Over at Food Politics earlier this week, New York University nutrition expert Marion Nestle, PhD, gave a good update on two policy changes that affect the health value of the food served to children in childcare and at school. One change is positive: The U.S. Department of Agriculture is making sure that food served in child and adult care programs complies with the federal Dietary Guidelines for Americans, a modification that should ensure that kids in daycare get more fruits and veggies and less sugar and fat.
The other change, the House version of the child nutrition reauthorization bill, would weaken several aspects of school food standards if passed as is. Nestle characterizes this as "bad news" and rounds up reaction from different public health experts:
- Freeze sodium reduction for at least three years.
- Require yet another scientific review of sodium.
- Weaken the whole grain standards.
- Let junk food back into schools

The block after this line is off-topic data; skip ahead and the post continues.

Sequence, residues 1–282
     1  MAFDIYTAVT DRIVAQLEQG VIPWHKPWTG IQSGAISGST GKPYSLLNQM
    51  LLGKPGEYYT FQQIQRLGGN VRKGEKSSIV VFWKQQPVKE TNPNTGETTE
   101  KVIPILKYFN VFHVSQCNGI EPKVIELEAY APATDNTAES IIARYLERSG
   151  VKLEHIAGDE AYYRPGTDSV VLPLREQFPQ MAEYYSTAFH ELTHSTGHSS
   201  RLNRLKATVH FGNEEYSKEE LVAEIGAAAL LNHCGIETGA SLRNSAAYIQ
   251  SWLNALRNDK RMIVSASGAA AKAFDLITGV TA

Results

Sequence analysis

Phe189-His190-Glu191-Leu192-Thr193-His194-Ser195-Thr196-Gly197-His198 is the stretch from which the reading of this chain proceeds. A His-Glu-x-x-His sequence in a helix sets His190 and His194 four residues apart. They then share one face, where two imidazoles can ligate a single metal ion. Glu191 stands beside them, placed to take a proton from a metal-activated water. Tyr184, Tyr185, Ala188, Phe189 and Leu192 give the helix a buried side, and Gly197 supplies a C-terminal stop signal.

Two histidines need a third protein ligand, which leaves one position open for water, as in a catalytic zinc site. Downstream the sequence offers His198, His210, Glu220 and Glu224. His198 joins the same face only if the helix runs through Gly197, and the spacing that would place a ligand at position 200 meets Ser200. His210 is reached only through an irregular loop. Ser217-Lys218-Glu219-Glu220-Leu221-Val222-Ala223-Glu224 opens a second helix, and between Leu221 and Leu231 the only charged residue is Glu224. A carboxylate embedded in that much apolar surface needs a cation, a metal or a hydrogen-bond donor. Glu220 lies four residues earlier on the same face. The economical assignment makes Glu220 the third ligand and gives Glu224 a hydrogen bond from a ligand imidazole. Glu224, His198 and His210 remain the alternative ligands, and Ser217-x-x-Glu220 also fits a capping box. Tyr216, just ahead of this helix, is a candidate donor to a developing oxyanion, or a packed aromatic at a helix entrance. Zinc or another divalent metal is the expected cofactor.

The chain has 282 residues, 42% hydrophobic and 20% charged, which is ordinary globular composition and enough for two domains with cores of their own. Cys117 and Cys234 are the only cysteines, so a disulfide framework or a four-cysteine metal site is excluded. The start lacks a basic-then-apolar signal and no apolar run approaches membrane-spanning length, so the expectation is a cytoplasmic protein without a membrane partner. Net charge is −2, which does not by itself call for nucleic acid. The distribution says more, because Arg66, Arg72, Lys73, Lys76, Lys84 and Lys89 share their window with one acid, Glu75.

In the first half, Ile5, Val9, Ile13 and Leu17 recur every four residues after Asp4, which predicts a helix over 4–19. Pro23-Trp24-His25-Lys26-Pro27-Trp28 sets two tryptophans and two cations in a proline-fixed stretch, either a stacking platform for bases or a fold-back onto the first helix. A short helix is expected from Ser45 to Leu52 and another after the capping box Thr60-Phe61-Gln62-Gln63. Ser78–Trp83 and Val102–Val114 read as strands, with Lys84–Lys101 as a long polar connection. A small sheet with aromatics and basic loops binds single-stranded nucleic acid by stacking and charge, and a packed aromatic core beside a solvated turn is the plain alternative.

- Allow schools to replace fresh produce with dried (without a sugar limit), canned (without a sodium or sugar limit), and frozen fruits and vegetables, thereby allowing schools to replace fresh apples and carrots with sugary fruit snacks, potato chips, jam, or trail mix containing candy.
The Center on Budget and Policy Priorities says this bill will increase food insecurity among children.
"School food advocates: it’s time to get busy," she concluded.
Previously: Classroom cupcakes: Should "party foods" at schools be limited?, Food allergies and school: One mom's perspective and USDA urges school to purchase food from local farmers
Photo of school lunch veggies by the U.S. Department of Agriculture